Bank of Canada Governor Stephen Poloz yesterday proclaimed that lenders should encourage mortgage products with longer terms as a means of evenly distributing risk and insulating the financing system.
It would also grow Canada’s mortgage-backed securities market.
“I know mortgage-backed security is a bit of a swear word in Canada, particularly because of the recession in the U.S., but the fact is we’ve been doing mortgage-backed securities in Canada for at least 20 years and, really, what Poloz is trying to do is open up Canada’s market so it isn’t always institutional or crown corporations buying them,” said Benjamin Sammut, senior sales manager and foreign capital specialist for Ebury.
“The way you get mortgage involvement for an MBS market in Canada is by increasing product offerings. Canada is notoriously short for long-term mortgages, and with a larger product offering it would create more demand for Canadian mortgage-backed securities, as well as spread the risk and create a safer structure for the Canadian mortgage space.”
Long-term mortgages of up to 10 years aren’t the only way to grow an MBS market in Canada, but Sammut believes it would nevertheless be a step in the right direction.
“A market with balanced risk is always better and this is a great tool to achieve that,” he said. “The other side of the coin is you have to focus on Canada’s insanely high consumer debt levels. While it isn’t popular having a 10-year fixed mortgage, with budgeting it’s a good thing for people trying to figure out their financing.”
In 2016, 29.6% of Canadians were debt-free—a number that climbs to 58% for people aged 65 and older—but it also indicates that debt is concentrated among fewer people.
“Those are the types of people who are further along in years, income and consumer habits,” continued Sammut, “and they’re perfect candidates for the longest mortgage terms because this may be the last, or second-last, mortgage they take. From a consumer perspective, not just making the market safer, but easing debt burden and helping the average consumer is a good option to have.”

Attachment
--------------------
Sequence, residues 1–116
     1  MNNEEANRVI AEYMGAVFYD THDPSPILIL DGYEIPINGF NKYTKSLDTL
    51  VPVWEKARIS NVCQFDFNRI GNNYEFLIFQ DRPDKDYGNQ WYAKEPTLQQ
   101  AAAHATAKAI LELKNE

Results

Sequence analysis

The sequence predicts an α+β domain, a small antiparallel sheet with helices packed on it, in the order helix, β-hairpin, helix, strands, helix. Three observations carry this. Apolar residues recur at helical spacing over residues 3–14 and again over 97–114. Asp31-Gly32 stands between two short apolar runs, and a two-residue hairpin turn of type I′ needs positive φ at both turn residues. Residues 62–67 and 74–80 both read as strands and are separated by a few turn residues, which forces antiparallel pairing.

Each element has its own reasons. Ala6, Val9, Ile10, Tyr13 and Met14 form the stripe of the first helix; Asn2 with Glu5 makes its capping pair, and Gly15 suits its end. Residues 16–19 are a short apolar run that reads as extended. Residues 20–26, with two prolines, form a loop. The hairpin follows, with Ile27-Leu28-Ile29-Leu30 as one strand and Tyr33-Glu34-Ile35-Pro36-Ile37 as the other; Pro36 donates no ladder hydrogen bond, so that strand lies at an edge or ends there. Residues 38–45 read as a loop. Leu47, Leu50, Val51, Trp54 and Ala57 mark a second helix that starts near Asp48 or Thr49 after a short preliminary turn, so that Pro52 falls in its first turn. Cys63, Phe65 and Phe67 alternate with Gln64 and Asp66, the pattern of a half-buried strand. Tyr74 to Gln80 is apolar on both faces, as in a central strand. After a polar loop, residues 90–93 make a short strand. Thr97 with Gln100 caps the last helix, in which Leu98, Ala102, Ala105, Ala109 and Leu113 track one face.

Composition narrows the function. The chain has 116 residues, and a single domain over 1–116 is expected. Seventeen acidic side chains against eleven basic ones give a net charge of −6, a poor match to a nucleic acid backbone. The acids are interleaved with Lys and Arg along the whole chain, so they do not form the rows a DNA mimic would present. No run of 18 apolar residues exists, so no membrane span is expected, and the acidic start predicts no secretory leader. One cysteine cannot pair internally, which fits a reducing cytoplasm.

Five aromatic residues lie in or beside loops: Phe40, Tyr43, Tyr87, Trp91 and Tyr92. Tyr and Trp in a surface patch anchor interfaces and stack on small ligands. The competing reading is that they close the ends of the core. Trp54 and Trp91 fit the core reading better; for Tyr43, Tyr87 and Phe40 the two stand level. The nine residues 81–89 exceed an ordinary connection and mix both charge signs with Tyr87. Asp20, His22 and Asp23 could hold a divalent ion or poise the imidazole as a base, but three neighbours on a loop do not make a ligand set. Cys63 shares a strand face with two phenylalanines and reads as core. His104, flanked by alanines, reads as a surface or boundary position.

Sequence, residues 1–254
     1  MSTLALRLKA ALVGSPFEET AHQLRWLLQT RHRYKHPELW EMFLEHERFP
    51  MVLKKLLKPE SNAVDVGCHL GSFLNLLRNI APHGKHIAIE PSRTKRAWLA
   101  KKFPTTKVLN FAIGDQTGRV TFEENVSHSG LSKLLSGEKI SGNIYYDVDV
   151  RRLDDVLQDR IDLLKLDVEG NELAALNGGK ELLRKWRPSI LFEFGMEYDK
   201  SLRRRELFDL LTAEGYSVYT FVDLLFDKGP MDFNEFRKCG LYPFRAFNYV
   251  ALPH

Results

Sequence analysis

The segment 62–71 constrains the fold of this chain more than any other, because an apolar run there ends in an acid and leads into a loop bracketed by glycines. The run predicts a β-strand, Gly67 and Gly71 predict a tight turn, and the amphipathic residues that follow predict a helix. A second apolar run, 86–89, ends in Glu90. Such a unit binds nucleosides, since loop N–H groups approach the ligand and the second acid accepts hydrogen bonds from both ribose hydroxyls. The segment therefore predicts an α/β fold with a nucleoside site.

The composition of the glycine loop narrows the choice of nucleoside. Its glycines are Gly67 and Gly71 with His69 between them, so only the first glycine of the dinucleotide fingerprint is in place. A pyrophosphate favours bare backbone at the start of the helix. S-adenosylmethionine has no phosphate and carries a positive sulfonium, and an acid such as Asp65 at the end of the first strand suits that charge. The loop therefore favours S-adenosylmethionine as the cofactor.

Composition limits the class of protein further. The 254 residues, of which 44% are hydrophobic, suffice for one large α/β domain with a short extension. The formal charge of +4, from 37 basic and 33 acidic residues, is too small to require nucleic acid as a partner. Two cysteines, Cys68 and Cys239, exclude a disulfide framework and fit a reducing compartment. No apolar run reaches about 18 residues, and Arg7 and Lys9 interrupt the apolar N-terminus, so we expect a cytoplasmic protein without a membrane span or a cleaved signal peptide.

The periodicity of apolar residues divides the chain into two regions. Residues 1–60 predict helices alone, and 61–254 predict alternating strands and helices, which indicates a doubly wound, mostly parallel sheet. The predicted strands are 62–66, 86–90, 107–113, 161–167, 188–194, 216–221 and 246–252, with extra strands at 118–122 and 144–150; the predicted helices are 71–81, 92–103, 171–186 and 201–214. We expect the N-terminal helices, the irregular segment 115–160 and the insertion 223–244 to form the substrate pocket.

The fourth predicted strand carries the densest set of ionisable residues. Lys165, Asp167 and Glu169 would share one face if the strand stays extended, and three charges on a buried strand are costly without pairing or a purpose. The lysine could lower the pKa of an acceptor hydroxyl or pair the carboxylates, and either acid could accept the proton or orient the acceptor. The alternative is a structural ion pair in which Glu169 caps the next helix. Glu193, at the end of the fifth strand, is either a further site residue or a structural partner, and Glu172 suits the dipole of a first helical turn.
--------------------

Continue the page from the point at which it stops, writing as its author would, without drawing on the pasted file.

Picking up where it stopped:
Lenders are chary about propagating the advantages of long-term mortgages because they don’t want to be exposed to the market for that long, but Sammut says that the MBS market would free capital for long-term mortgage loans, which banks would then price aggressively.
But is a long-term mortgage really the best thing for consumers? Elan Weintraub doesn’t think so.
“Historically, seven- and 10-year terms have higher interest rates, and for many people their income goes up over time, so it’s better to have a lower rate and lower payment without tying yourself up,” said the broker and director of Mortgage Outlet. “What I recommend to my clients is taking a five-year term and increasing their payments as if the interest rate was the same as on a 10-year term. If the five-year rate is 3.95% and the 10-year rate is 4.95%, that money goes directly to their principal.”
It’s also unlikely borrowers’ lives will remain static for enough to warrant a decade-long commitment.
“Things change so quickly nowadays that it’s difficult for a person to predict they’d be in the same mortgage for 10 years and not get married, have no job change, no change of city, not refinance to pay off debt, not refinance to buy an investment, not refinance to buy a cottage,” said Weintraub. “The probably of that is pretty low. The benefit of five years is you can start over and look at all your options again.”